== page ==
The US is publicly designating 16 people for their roles in the killing of journalist Jamal Khashoggi.
The designations mean the individuals named and their immediate family members are not allowed into the United States.
The list was released by the US State Department on Monday and includes Saud al-Qahtani, a former aide to the crown prince, and Maher Mutreb, who was part of the crown prince’s entourage on trips abroad.
Mr Khashoggi wrote critically of Saudi Crown Prince Mohammed bin Salman in columns for The Washington Post before he was killed in the Saudi Consulate in Istanbul, Turkey in October.
After denying any knowledge of Mr Khashoggi’s death for weeks, Saudi authorities eventually settled on the explanation that he was killed in an operation masterminded by former advisers to Prince Mohammed.
The kingdom denies the crown prince had any involvement.
The US State Department said: “These designations are made under Section 7031(c) of the Department of State, Foreign Operations, and Related Programs Appropriations Act of 2019 (Section 7031(c)).
“Section 7031(c) provides that, in cases where the Secretary of State has credible information that officials of foreign governments have been involved in significant corruption or gross violations of human rights, those individuals and their immediate family members are ineligible for entry into the United States.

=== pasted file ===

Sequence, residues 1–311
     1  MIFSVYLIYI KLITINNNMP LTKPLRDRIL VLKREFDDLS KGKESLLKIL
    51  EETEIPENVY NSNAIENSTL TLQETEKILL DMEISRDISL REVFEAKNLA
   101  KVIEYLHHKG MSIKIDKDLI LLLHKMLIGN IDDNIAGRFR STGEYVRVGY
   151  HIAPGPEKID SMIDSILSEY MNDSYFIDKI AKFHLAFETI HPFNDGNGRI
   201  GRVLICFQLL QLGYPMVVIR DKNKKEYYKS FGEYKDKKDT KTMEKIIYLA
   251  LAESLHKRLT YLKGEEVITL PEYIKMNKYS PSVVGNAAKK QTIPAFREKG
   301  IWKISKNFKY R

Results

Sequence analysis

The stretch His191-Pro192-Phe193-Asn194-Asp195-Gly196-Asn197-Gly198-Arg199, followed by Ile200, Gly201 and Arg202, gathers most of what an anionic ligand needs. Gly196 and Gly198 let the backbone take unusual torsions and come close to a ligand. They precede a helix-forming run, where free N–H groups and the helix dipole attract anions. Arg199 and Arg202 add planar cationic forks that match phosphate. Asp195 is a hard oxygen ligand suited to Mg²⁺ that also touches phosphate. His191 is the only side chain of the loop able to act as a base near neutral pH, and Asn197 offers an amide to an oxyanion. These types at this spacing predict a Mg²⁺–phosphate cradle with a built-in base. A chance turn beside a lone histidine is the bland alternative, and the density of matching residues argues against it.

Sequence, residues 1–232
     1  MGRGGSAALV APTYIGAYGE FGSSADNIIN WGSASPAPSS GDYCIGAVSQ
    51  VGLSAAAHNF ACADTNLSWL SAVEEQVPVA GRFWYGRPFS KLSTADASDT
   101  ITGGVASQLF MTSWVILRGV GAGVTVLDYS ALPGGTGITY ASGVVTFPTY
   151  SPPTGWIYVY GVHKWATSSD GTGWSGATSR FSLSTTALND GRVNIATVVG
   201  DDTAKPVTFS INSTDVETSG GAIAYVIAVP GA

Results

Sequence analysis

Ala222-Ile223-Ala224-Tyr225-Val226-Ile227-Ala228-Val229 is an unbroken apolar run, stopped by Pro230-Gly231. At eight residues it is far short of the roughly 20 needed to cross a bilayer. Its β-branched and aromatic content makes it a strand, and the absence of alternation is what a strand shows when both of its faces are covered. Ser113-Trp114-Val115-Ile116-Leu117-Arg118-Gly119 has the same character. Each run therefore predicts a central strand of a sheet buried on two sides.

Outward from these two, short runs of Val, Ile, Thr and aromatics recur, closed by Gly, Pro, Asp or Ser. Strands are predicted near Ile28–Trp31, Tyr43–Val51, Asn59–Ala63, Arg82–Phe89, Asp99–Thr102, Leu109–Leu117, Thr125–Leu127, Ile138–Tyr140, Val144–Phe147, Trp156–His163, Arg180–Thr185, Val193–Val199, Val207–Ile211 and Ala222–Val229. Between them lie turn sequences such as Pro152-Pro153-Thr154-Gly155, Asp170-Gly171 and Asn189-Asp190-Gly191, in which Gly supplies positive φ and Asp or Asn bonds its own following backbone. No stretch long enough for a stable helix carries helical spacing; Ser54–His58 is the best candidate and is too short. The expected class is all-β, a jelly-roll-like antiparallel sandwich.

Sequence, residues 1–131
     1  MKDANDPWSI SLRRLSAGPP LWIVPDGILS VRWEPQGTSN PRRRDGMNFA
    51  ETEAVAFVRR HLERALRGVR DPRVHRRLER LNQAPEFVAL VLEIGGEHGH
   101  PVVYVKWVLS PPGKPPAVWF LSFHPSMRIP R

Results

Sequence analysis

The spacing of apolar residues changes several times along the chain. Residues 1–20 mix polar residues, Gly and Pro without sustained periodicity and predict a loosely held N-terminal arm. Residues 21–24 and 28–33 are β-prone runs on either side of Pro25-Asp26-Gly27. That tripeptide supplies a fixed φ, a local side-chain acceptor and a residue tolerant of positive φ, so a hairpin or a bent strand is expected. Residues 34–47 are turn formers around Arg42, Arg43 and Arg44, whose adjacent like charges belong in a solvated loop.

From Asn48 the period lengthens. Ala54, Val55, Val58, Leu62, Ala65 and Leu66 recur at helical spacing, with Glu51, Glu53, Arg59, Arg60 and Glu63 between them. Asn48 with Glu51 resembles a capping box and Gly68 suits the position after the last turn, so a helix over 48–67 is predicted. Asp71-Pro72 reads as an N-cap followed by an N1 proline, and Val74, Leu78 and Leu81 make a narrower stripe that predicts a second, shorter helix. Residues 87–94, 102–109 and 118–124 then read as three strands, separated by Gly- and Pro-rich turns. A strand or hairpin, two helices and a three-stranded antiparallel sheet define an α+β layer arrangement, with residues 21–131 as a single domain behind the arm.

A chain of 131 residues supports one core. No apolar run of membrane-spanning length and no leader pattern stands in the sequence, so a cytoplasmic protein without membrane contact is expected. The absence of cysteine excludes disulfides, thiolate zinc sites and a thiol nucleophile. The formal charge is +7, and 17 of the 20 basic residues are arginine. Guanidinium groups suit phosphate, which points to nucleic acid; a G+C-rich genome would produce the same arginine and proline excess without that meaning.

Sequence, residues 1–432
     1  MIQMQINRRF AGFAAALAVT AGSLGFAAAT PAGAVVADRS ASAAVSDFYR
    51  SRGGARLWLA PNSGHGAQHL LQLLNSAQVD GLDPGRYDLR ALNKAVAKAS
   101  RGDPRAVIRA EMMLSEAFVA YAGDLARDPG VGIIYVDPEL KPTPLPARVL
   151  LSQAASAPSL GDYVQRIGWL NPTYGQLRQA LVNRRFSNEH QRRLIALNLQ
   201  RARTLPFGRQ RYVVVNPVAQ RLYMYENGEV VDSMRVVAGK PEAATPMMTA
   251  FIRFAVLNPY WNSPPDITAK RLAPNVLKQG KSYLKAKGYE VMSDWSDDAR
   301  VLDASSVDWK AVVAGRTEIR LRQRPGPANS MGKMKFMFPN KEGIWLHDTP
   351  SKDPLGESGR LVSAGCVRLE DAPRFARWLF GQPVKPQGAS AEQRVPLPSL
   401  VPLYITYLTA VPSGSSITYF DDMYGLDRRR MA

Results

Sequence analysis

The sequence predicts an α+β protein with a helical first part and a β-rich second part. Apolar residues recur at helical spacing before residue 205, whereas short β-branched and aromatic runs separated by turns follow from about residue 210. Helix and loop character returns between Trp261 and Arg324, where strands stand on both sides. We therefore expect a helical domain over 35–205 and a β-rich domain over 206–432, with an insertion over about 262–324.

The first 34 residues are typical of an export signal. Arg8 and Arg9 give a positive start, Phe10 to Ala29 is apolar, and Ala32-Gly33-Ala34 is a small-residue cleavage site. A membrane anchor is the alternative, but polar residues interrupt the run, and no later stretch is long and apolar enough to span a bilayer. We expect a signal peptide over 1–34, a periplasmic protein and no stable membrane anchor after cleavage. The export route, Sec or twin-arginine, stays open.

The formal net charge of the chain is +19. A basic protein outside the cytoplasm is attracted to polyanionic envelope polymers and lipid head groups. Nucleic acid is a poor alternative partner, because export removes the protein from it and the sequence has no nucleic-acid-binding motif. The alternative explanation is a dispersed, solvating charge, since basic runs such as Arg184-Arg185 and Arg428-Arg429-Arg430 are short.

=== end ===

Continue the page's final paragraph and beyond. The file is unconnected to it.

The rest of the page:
“The law requires the Secretary of State to publicly or privately designate such officials and their immediate family members.”
Mr Khashoggi, a prominent critic of the Saudi rulers, had gone to the consulate to collect paperwork needed to marry fiancee Hatice Cengiz, who was waiting outside the building for him and raised the alarm when he did not emerge.
Turkey’s intelligence agency, along with western counterparts, believe the crown prince planned an operation to kill the writer and have his body dismembered and removed to an unknown location.
The kingdom initially denied Mr Khashoggi was murdered but – under increasing international condemnation – later changed its story and admitted the 59-year-old was killed as part of a “rogue operation”.
The prince, who had been seen as a reformer in the West for, among other things, allowing women to drive, did not order the killing, Saudi officials insist.
In December, Saudi public prosecutors charged 11 people with carrying out the killing and are seeking the death penalty for five of the suspects.
The full list of designated individuals are:
Source: SKY NEWS